I recently bumped into an old university friend of mine who has made a career in public health administration.
Morale in that industry, he says, is never high because it is always a political football. A couple of unfortunate, high-profile, incidents happen every year or so and the result is often a media frenzy in which politicians assert that public health care just isn’t good enough.
Along the way, generally excellent success rates and service are forgotten or ignored.
Health administrators, meanwhile, know that to achieve the perfection expected of them would require massive and politically-unacceptable injections of cash. The way my friend tells it, improving services a little bit requires a lot of spending. An outcome like extending instant admission times to emergency wards to another five percent of patients needs 20 percent more spending and results in considerable idle capacity. Of course if the mainstream media discovered emergency crews sitting around playing cards, it would soon unleash a different species of hysteria.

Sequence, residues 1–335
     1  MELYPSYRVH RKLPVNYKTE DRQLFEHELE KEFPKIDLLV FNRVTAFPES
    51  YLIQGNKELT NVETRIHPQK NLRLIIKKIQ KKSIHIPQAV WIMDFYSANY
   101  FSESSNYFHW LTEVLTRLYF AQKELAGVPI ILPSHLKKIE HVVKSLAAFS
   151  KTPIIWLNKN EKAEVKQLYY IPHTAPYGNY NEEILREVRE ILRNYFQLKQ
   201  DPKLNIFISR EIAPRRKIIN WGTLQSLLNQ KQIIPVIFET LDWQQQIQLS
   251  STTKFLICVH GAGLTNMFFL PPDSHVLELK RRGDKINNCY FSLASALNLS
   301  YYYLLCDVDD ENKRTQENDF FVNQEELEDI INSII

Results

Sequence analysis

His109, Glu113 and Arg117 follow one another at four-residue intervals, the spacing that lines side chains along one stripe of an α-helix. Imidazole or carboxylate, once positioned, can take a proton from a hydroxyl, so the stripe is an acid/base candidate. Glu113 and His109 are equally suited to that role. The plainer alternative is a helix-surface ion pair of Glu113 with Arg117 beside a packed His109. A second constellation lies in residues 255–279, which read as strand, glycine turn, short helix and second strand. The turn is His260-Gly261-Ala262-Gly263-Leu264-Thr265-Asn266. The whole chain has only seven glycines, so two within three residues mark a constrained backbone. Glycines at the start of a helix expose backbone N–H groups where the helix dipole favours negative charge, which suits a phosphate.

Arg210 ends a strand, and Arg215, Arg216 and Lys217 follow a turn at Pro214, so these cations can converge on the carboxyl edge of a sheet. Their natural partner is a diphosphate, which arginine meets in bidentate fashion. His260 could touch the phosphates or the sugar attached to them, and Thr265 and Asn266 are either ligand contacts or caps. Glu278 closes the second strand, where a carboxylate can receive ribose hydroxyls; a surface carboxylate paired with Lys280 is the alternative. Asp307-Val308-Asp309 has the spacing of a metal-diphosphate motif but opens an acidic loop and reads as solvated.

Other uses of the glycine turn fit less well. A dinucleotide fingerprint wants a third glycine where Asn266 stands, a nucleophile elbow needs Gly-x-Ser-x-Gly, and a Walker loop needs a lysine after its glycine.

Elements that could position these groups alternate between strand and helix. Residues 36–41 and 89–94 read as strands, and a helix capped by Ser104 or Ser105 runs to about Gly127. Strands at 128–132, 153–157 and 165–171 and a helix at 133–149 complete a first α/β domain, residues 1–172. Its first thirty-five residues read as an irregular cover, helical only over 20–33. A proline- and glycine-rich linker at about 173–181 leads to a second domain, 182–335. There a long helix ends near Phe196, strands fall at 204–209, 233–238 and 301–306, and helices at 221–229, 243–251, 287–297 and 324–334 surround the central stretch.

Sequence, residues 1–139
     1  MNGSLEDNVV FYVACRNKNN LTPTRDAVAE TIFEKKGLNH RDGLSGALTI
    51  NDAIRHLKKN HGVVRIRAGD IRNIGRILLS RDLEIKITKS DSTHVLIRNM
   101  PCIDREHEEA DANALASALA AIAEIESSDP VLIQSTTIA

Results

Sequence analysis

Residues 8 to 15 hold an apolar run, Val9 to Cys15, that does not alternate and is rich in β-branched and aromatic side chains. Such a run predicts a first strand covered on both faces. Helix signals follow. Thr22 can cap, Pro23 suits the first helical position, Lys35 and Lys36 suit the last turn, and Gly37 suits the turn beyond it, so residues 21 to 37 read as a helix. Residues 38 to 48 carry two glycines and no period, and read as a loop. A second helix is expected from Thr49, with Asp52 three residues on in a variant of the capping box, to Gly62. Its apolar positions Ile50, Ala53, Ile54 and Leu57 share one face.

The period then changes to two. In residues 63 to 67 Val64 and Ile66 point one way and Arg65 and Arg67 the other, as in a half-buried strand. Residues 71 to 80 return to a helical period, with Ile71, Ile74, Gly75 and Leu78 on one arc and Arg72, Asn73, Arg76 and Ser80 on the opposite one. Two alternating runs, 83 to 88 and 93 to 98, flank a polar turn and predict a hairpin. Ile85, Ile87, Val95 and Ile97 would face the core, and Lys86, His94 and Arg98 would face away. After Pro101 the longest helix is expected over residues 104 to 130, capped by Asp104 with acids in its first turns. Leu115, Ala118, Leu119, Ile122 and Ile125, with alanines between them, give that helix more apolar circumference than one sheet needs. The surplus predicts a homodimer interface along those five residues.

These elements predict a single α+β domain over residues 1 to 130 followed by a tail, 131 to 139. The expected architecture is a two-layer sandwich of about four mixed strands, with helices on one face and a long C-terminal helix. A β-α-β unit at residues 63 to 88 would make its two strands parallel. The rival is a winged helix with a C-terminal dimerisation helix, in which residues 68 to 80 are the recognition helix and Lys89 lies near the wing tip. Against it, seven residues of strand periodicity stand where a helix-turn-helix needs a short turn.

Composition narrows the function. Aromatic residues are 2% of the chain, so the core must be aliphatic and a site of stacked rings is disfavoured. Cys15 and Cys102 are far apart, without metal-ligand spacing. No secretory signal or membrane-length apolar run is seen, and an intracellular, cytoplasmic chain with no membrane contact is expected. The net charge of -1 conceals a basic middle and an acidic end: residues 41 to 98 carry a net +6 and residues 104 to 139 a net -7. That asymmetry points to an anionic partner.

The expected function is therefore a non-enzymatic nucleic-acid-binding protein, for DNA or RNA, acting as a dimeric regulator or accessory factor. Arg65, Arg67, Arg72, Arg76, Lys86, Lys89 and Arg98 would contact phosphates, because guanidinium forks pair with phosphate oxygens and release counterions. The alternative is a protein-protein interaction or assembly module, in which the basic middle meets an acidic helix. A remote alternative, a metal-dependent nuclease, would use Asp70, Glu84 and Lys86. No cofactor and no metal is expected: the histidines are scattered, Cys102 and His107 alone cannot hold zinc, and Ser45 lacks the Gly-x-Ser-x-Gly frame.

I offer this analysis because we will soon see many stories asking what lessons data centre operators and disaster recovery professionals can take from the natural disasters in Japan.
I argue they can learn very little, because competent IT professionals already have decent disaster recovery plans in place. Those plans will be sufficient to cope with most foreseeable risks. Some will take into account exceptional or extraordinary events and will have funding, and a business case, for the extra effort required.
But as the public health community knows, unless you are willing to expend truly exotic sums of money, you’ll never be able to prevent or forestall every threat.
So by all means, use Japan as a reminder that it’s good to review one’s disaster regime, the risks it guards against and whether the technologies that deliver the plan are working.
But let’s not get sucked into the same situation as the health industry and let a rare incident lead to an expectation of perfection without the possibility of being able to access the resources needed to achieve it.